The hidden wonders of Banaue: A ‘Biyahe ni Drew’ itinerary
You’ve seen it in books, on television and in postcards but believe us when we say that nothing comes close to the real thing. That’s right, Biyaheros: The Banaue rice terraces are truly a wonderful sight to behold!
However, even if Banaue is mostly known for its famous rice terraces, this province is also rich with hospitality and traditions that you will find nowhere else. Discover the hidden wonders of Banaue in this “Biyahe ni Drew” itinerary.
How to get there
Banaue, Ifugao is nine hours away from Manila. Once you are in the province, you can hire a jeepney to take you to your chosen destination. Not all places are reachable by car so be prepared to walk through rice fields for at least 30 minutes. The best time to visit Banaue is during the planting season (February and March) and during the harvest season (July).
What to do
Go sightseeing and swimming
When someone says Banaue, images of the 2,000-year-old Banaue rice terraces automatically spring to mind. However, did you know that the Banaue rice terraces is just one of the many of its kind in Ifugao?
Welcome to Batad, a place where you can find lesser known but equally beautiful rice terraces. Biyahero tip: The rice terraces in Batad is considerably more difficult to reach compared to others. Don’t forget to use comfortable shoes and bring a trekking pole or stick to make your journey easier.
You can also drop by the Tappiyah falls, a remote waterfall which you can reach on your way to Batad. It is an ideal stopover especially if you want to swim and wash off the grime from your trek.
Another popular swimming destination in Banaue is the Gihob natural pool, which is just 20 minutes away from the town proper. The natural pool is connected to a dam so the locals can control the flow of water. Drew says, “Para kang nasa bahay. Bathtub na mapuno.”
If you are the type of Biyahero who prefers to swim in hot water, visit Bogya hot springs. The trek from the Banaue town proper to this natural spring takes more than 30 minutes but the warm bath waiting for you is worth the distance. You can even choose where to swim based on the temperature you prefer.
“Sa bandang kaliwa ay mainit dahil mula ito sa bukal,” Drew explains. “Ang sa bandang kanan naman ay malamig dahil mula ito sa ilog.”
Meet the locals
Immersing in the culture of the local community is a must when you are in Banaue. One option is to visit Tam-an Cultural Village, where the locals hold special presentations for tourists. These immersions not only help educate Biyaheros but also help Ifugaos preserve their traditions. The presentations are pre-arranged so if you want to witness one, make sure that you inform your tour operators in advance.
As soon as Biyaheros reach Tam-an, they will be invited to perform a traditional ritual with the locals. Chicken is offered to the gods and rice wine is shared. The locals believe that if the gods are pleased with the offers, the visitors’ trip will be 100% safe.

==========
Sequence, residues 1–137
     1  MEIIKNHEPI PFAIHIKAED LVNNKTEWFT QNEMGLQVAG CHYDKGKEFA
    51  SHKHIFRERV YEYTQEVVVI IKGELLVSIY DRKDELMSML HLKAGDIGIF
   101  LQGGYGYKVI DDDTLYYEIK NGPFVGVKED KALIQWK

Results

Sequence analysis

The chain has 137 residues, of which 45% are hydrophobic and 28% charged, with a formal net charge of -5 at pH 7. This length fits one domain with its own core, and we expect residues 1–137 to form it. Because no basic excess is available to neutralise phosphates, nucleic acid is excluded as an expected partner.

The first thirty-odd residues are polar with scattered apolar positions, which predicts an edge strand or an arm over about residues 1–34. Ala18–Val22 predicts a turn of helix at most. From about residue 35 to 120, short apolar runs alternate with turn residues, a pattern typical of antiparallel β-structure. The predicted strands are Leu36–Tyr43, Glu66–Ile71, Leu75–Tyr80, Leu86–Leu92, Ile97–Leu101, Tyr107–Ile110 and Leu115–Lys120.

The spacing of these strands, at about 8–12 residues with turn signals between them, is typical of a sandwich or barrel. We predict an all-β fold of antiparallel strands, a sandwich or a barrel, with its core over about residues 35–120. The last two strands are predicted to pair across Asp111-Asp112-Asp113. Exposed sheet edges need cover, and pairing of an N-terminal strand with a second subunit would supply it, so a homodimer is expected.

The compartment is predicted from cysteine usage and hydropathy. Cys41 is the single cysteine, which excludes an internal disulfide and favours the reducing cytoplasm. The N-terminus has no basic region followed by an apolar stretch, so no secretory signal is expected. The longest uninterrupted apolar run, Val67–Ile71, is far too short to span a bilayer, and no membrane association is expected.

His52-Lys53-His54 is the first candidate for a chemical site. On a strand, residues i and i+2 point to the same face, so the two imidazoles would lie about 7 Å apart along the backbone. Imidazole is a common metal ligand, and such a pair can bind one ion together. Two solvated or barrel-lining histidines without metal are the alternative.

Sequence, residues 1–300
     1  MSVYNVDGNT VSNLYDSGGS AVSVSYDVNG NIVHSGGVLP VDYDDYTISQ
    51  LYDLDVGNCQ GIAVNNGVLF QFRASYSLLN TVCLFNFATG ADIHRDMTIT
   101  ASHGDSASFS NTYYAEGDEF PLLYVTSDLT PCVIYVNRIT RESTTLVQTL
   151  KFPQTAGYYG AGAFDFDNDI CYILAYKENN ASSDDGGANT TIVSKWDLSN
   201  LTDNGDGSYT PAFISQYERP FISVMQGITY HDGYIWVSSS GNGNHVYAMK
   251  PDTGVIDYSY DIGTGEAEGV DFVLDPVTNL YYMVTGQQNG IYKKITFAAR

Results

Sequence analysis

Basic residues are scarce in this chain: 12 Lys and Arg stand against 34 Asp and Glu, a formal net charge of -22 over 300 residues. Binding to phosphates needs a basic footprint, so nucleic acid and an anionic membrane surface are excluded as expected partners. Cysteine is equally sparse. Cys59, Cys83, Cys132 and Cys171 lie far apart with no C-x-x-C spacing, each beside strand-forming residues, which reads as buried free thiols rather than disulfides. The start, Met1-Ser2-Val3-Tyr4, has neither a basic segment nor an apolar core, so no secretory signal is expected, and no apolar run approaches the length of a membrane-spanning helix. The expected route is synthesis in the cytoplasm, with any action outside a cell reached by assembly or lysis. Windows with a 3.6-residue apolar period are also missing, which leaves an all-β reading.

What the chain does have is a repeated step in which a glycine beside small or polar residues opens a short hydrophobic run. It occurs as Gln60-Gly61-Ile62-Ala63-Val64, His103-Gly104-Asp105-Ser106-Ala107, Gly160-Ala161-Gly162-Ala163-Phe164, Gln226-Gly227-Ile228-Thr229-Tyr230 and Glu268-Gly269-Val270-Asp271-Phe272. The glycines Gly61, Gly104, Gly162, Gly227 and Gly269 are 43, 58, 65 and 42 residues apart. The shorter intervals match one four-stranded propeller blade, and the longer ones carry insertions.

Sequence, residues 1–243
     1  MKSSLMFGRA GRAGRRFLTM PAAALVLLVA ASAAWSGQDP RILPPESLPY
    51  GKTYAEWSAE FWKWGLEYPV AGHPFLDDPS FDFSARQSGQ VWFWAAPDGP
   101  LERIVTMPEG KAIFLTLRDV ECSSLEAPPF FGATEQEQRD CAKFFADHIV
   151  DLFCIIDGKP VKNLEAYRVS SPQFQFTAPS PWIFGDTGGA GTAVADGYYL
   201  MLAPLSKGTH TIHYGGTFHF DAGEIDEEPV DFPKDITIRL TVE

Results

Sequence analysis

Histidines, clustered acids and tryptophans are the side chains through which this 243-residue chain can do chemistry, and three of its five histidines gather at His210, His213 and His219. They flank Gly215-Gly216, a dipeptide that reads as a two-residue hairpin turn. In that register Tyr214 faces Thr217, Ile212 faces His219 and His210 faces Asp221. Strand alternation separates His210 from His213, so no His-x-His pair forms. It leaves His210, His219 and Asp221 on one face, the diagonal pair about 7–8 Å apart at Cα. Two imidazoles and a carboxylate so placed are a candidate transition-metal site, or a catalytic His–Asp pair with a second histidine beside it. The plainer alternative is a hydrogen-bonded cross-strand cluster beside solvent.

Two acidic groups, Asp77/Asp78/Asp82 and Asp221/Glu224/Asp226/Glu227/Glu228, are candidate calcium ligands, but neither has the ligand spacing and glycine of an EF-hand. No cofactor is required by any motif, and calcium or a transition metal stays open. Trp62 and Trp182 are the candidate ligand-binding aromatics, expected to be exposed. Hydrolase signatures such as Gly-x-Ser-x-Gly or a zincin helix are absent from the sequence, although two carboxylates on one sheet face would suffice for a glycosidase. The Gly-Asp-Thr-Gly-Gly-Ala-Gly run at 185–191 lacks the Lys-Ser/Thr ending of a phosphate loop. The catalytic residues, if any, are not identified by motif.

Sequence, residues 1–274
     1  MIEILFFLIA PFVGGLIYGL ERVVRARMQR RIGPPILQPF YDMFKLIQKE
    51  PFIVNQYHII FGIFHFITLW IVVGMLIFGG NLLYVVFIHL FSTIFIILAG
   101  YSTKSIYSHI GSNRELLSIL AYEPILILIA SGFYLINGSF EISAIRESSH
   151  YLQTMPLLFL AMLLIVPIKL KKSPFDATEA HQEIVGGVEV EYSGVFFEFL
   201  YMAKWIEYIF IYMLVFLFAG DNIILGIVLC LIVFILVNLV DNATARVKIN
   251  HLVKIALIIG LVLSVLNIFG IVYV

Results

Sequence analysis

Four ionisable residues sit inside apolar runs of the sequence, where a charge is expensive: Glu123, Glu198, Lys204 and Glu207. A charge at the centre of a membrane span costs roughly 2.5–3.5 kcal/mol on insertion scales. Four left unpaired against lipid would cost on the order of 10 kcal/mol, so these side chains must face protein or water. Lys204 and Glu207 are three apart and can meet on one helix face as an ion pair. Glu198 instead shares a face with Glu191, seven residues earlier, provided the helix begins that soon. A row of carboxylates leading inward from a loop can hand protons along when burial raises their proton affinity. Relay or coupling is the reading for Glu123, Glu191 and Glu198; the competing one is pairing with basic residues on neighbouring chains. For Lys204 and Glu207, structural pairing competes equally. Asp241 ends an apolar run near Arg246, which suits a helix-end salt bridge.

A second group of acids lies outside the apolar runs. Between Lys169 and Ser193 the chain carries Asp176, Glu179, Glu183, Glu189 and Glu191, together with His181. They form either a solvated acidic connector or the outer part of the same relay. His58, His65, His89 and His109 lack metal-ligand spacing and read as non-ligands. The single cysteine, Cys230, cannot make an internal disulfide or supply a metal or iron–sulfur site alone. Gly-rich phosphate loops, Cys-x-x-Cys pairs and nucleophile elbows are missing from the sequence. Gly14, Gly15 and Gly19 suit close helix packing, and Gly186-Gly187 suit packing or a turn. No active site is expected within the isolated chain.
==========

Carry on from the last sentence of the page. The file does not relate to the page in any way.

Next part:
Ifugaos will also gladly share their songs, dances, and weaving practices with tourists. If you are lucky, you can witness an actual wedding ceremony that is not a part of the cultural presentation. You can even watch as the Ifugaos make food from their crops.
Drew got the chance to engage in a wrestling match with the locals for fun. We learned that this is how the Ifugaos settle disputes over land, money and relationships.
Ride a wooden scooter
The Ifugaos use wooden scooters to transport goods up and down the mountains. However, as time passed, these wooden scooters have evolved from mere modes of transportation to a thrilling pastime among the locals. In fact, scooter racing has become a regular part of the annual Imbayah Festival, which is held in Banaue every April.
Drew learned how to ride a wooden scooter from Robert Duyyogen, a two-time downhill scooter racing champ in the Imbayah Festival. Kuya Robert showed our favorite Biyahero how to ride the standard Ifugao wooden scooter and a four-wheel scooter that he himself made. His advice: Ride the scooter like you are riding a bicycle.
“May fear factor kasi hindi mo alam kung may sasalubong sa’yo,” Drew says after riding a wooden scooter for the first time. “Mas mabilis. Mas mabigat. ‘Pag control ko, very sensitive… Buti na lang nandito si Kuya Robert.”
Where to eat and stay
Native Village Inn
Room rates start at P1,600
Drew and the rest of the “Biyahe ni Drew” team stayed at Native Village Inn, a native-themed hotel located near the rice terraces. The rooms and cottages are small and have no air conditioners but the temperature is chilly. The dining area also serves as the perfect spot to view the Hapao rice terraces.
“Sarap ng klima, perfect,” Drew says. “Paano ka hindi gaganahan kumain? Pagkain sa harap mo, bagong luto. View mo ganyan… Sobrang sarap!”
Banaue is more difficult to reach and has lesser tourist accommodations compared to other destinations in the Philippines. However, this is also what makes the province charming and unique.
More than the rice terraces, the true wonders of Banaue are the locals who have preserved their rich traditions even after years of colonization and modernization.
Source: GMA Network. Date: June 2, 2015